Xi stressed that China firmly supports the DPRK in pursuing a development path in line with its national conditions, adding that China stands ready to deepen exchanges and mutual learning with the DPRK on party and state governance so as to push forward the socialist construction of the two countries.
Kim expressed deep gratitude to Xi, noting that the Chinese leader's close attention to the DPRK's socialist construction as well as its development in economy and livelihood has strengthened the confidence of the party and people of the DPRK in their cause, Song said.
Xi and Kim, Song said, jointly blueprinted in detail a future of the bilateral relationship and agreed to take commemorating the 70th anniversary of diplomatic ties as an opportunity to expand practical cooperation and deepen friendly exchanges.
The two sides will conduct exchanges and cooperation in such fields as agriculture, tourism, education, health, sports, media, youth as well as at local levels, so as to improve the well-being of both peoples, Song said.
INJECTING NEW VITALITY INTO POLITICAL DIALOGUE
On the Korean Peninsula issue, the two leaders had in-depth and candid exchange of views on the current situation in the peninsula as well as how to maintain the dialogue process, Song said.
The situation of the Korean Peninsula concerns regional peace and stability, Xi pointed out, calling it a right choice to resolve the issue through dialogue.
Xi also called for a strategic and long-term perspective to accurately guide the evolution of the situation and effectively maintain peace and stability in the peninsula.
During his visit, Xi spoke highly of the DPRK's efforts to promote the denuclearization of the peninsula and re-launch the process of political settlement to the issue, stressing that China is ready to strengthen communication and coordination with the DPRK and other related parties on the issue so as to safeguard peace, stability and prosperity in the region.
For his part, Kim thanked Xi for his positive remarks and said the DPRK will stay patient and control the situation to safeguard peace and stability in the Korean Peninsula and create a favorable external environment for the DPRK's development.
Kim said the DPRK hopes that the relevant party will work with the DPRK to seek solutions that accomodate each other's legitimate concerns and push for results from the dialogue process, according to Song.
New Delhi, June 21 (AP/UNB) — Prime Minister Narendra Modi successfully lobbied the United Nations to designate June 21 International Yoga Day in his first year in power in 2014.
Since then, just as China under President Xi Jinping has given countries pandas for their zoos in a show of goodwill, Modi has used one of India's most popular exports to assert his nation's rising place in the world.
On Friday, the fifth annual International Yoga Day, Modi practiced various yoga "asanas" alongside an estimated 40,000 people in India's eastern state of Jharkhand as members of his Cabinet and foreign envoys rolled out their yoga mats in cities around the world.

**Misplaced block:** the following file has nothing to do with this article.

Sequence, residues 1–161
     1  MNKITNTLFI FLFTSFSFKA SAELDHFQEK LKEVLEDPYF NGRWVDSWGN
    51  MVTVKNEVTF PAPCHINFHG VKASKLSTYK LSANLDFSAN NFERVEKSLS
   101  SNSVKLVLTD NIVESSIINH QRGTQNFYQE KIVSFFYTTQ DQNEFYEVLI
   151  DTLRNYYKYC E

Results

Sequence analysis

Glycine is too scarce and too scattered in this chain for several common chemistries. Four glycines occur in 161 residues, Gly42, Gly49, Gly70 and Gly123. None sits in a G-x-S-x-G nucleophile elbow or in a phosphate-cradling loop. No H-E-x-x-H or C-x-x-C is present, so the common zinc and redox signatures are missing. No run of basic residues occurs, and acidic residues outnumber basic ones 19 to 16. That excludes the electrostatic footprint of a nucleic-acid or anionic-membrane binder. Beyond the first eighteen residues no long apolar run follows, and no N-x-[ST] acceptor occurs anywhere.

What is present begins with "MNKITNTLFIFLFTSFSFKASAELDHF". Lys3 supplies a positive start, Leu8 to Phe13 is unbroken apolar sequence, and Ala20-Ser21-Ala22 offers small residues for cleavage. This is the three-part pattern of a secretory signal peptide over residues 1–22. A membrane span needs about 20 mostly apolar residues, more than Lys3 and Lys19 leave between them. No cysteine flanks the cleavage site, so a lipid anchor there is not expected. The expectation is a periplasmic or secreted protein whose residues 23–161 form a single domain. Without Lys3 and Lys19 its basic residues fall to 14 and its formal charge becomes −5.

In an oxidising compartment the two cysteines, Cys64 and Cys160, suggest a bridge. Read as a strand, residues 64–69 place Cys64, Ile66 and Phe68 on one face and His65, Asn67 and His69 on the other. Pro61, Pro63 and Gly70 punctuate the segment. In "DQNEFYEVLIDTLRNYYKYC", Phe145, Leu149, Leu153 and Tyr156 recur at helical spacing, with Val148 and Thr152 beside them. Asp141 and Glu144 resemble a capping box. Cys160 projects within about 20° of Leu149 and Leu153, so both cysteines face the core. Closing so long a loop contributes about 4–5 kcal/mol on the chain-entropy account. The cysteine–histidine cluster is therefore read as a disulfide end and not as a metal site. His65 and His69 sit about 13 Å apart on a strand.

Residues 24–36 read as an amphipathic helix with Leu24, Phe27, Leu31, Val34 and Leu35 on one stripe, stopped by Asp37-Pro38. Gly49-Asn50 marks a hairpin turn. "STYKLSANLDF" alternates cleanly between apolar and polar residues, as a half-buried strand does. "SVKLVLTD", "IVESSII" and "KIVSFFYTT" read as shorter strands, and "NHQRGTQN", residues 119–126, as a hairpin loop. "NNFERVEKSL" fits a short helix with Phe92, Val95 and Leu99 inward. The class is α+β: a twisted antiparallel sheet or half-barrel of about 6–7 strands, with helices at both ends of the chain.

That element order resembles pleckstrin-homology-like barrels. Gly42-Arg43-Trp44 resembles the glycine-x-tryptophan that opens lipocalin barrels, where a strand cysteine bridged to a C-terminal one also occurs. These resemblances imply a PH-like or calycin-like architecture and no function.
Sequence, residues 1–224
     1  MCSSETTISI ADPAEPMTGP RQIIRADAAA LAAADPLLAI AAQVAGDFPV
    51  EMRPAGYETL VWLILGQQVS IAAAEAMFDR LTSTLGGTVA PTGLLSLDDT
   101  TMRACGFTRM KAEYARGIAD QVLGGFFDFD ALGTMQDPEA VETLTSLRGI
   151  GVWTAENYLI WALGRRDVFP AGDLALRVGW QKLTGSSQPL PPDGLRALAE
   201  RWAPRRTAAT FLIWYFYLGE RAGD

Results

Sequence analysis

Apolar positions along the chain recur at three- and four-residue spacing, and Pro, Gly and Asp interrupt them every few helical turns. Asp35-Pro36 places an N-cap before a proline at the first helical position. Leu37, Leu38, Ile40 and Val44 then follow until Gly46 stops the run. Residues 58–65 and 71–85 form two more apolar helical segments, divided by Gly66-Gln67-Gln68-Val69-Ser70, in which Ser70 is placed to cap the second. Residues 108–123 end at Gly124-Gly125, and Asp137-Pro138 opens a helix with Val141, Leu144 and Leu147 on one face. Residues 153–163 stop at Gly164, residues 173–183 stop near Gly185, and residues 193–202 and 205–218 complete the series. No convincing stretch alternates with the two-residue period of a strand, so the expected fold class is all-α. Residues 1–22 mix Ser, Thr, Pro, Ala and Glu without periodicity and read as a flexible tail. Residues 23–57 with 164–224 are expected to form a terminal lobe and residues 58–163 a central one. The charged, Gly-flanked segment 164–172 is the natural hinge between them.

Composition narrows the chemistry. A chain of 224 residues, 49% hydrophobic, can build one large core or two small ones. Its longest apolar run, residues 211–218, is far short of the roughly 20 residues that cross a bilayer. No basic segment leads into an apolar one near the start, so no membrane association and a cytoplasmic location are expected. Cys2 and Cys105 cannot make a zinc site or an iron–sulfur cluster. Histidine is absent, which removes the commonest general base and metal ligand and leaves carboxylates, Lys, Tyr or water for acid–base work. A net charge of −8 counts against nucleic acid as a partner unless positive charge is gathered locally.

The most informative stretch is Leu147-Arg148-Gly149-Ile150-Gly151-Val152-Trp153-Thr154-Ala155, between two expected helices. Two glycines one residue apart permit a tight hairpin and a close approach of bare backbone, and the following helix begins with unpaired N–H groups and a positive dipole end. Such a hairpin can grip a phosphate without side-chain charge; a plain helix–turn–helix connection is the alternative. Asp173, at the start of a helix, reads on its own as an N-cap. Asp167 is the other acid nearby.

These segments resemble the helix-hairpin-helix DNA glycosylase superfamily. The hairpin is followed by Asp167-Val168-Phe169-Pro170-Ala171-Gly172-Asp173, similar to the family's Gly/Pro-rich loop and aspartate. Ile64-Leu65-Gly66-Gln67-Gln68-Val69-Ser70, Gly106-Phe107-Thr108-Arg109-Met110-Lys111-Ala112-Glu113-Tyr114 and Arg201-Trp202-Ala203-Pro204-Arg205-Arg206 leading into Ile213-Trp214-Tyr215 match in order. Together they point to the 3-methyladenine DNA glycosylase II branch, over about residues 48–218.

"Let our motto be yoga for peace, harmony and progress," Modi said before joining the hourlong practice.
Most of India's 191 embassies and consulates worldwide organized yoga sessions to commemorate the day, according to the foreign ministry.
The ministry shared photos of yoga flash mobs on the streets of Kiev, colorful yoga mats around Brussels' Triumphal Arch, sun salutations under the Washington Monument, hundreds in seated prayer pose at Moscow's Tagansky Park and more than 500 people in identical transparent ponchos and black pants in front of the Yellow Crane Tower in rainy Wuhan, China.
At an event for diplomats in New Delhi featuring India's foreign minister, Subrahmanyam Jaishankar, Israel's ambassador Ron Malka said Modi's use of yoga as a tool of diplomacy is "working quite well" to strengthen ties between the two countries.
Walter Lindner, the German ambassador to India, described Modi's yoga bid at the U.N. a "clever move."
"Yoga is a product which you can sell everywhere in the world," Lindner said, adding that 4 million people were participating in International Yoga Day events in Germany.
Modi has also used yoga to bolster his image at home.
Modi and his Hindu nationalist Bharatiya Janata Party won a resounding victory in India's recently concluded weekslong general elections by promoting a "New India" that pairs rapid economic growth with the trappings of the country's ancient roots.
After the final day of polling, Modi, who casts himself as a Hindu ascetic who closely follows the religion's strictures on vegetarianism and yoga, retreated to a Himalayan mountain cave to meditate — with a camera crew in tow.
Modi last year released a 2-minute video showing him practicing yoga on his lawn at the prime minister's residence. Some online commentators used the opportunity to compare Modi with India's first prime minister, Jawaharlal Nehru.
Many shared pictures of Nehru doing a headstand, an advanced yoga posture. Of the benefits, Nehru wrote in his autobiography, "The slightly comic position increased my good humor and made me a little more tolerant of life's vagaries."